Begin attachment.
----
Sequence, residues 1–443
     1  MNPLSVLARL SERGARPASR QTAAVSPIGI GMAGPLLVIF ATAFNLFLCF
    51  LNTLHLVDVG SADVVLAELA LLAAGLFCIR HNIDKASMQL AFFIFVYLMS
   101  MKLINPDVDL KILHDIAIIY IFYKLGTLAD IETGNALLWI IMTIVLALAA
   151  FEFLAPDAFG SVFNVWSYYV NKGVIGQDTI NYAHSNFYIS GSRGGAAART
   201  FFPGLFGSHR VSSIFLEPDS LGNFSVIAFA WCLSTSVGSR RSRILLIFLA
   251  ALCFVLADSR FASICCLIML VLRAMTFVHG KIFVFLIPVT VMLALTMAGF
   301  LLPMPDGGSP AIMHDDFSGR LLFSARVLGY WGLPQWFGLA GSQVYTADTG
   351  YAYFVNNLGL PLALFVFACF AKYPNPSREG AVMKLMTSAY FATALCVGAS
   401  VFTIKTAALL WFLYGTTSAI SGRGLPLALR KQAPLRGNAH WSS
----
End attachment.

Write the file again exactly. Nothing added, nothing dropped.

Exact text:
Sequence, residues 1–443
     1  MNPLSVLARL SERGARPASR QTAAVSPIGI GMAGPLLVIF ATAFNLFLCF
    51  LNTLHLVDVG SADVVLAELA LLAAGLFCIR HNIDKASMQL AFFIFVYLMS
   101  MKLINPDVDL KILHDIAIIY IFYKLGTLAD IETGNALLWI IMTIVLALAA
   151  FEFLAPDAFG SVFNVWSYYV NKGVIGQDTI NYAHSNFYIS GSRGGAAART
   201  FFPGLFGSHR VSSIFLEPDS LGNFSVIAFA WCLSTSVGSR RSRILLIFLA
   251  ALCFVLADSR FASICCLIML VLRAMTFVHG KIFVFLIPVT VMLALTMAGF
   301  LLPMPDGGSP AIMHDDFSGR LLFSARVLGY WGLPQWFGLA GSQVYTADTG
   351  YAYFVNNLGL PLALFVFACF AKYPNPSREG AVMKLMTSAY FATALCVGAS
   401  VFTIKTAALL WFLYGTTSAI SGRGLPLALR KQAPLRGNAH WSS